In the third and final major section of this epistle, we are instructed in the doctrine of suffering. Those to whom Peter initially wrote were soon to undergo immense persecution. We know not what may loom on our horizon. It may be that we need this instruction as greatly as they did.
Verses 18 through 22 speak to us of the suffering of Christ. We have here somewhat of a rerun of what was emphasized in chapter 2, verses 19-24. Jesus was there held forth as the supreme example in suffering. Such is just what we find in the section we're about to study. But there is one major difference. His victory over suffering and death is made the central issue here!
Let us now look at the points which are made, one at a time:
"For Christ also hath suffered." We need to be impressed with the fact that He suffered. He did not come to this world as a superhero. He surrendered the glories and privileges of being God (Phil. 2:7,8). Some seem to have the idea that Christ becoming man just involved taking on our physical appearance. But listen to what Heb. 2:17 says about that: "Wherefore in all things it behooved him to be made like unto his brethren." He became like us, not just in appearance, but in all things. This would include human infirmities. He became hungry. He became thirsty. He became weary.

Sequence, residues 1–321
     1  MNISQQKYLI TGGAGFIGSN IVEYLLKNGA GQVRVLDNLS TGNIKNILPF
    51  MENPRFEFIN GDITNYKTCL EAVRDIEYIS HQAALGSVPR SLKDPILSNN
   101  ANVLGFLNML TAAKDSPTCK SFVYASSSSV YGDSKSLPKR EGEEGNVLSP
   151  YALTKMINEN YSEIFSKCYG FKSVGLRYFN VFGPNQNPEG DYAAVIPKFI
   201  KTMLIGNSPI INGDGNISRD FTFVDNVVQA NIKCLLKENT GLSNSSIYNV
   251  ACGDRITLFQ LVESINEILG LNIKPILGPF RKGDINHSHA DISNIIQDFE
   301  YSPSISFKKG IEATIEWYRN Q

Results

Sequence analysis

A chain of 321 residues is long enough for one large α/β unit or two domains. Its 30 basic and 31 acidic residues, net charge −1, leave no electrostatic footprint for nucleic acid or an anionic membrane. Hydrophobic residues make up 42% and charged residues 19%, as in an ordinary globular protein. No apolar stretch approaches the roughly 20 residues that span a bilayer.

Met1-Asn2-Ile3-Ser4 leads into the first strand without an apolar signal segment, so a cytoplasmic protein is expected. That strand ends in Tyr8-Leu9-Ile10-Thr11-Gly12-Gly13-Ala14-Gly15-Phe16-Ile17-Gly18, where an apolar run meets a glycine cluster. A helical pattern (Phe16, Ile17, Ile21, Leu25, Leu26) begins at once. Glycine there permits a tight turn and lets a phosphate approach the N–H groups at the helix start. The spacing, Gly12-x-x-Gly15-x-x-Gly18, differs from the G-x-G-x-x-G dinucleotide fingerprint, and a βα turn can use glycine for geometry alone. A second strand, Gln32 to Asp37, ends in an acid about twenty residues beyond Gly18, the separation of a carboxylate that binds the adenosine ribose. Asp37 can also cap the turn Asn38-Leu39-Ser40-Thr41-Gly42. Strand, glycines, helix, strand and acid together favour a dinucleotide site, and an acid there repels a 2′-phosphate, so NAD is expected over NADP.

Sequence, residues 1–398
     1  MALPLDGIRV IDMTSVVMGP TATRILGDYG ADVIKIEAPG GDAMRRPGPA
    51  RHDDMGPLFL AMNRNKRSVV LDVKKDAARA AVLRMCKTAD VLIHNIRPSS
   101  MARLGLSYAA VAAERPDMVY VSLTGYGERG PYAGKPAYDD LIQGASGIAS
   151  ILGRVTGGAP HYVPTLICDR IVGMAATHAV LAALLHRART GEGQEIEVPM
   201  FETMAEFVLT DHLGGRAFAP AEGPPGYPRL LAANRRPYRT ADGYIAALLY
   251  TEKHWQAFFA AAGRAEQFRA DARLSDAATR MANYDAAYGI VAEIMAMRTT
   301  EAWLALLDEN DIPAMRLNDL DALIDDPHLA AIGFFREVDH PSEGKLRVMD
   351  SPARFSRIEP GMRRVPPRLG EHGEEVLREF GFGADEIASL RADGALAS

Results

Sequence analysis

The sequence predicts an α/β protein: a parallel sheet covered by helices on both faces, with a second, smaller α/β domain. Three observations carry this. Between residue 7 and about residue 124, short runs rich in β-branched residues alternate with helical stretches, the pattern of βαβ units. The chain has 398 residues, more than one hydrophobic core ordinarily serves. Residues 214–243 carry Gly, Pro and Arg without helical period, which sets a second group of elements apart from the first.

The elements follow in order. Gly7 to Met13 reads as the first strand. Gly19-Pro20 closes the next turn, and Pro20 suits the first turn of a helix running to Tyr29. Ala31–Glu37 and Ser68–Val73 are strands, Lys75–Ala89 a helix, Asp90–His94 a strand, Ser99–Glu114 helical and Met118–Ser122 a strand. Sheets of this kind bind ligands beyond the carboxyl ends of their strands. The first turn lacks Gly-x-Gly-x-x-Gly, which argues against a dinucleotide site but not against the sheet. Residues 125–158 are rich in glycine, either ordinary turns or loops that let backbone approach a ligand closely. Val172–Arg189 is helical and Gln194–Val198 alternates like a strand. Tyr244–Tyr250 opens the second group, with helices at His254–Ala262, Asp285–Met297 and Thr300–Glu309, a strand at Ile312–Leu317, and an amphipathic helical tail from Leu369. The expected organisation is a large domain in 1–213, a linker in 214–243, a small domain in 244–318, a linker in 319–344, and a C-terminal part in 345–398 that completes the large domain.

We should also be aware that He refused to use His power as the Son of God to escape any infirmity. After forty days of fasting, He rejected totally the temptation to turn stones to bread. To have done so would have been to forsake His mission: to suffer and die on the same terms we do.
He became like us in limitation of knowledge. When Jesus was a little infant feeding at His mother's breast, He did not know all things. In fact, I submit that He knew no more than other infants. It's my opinion that the account of the twelve year old Jesus (Luke 2:40-52) carries greater significance than is often imagined. That only then was He made to realize as a human that He had to be about His Father's business. But even then, He did not know all things. He continued to grow in knowledge (Luke 2:40,52).
Jesus became like us in His dependence on others. As a child, He had to depend on His parents for food, shelter, and clothing. There was a mutual dependence among the disciples for material things.
He also became like us in His temptations (Hebrews 4:15). He was subjected to the same daily frustrations and temptations we are all subject to. As a young person, He was tempted. As a man, He was tempted. As One in business, before His teaching ministry, He was tempted. Probably the greatest temptation was that of forsaking His mission.
Jesus was vulnerable to every emotion and appetite, and every need and pain that we are subject to. When the Bible says He suffered, it means just that!
"For Christ also hath once suffered." This doesn't mean that He just suffered on one occasion. It means His suffering was once for all, never to be repeated. The sacrifices in the temple had to be repeated daily, but Christ made the perfect sacrifice that never has to be repeated (Heb. 7:27; 9:28; 10:10). The cross of Christ is something that happened once, and never has to happen again.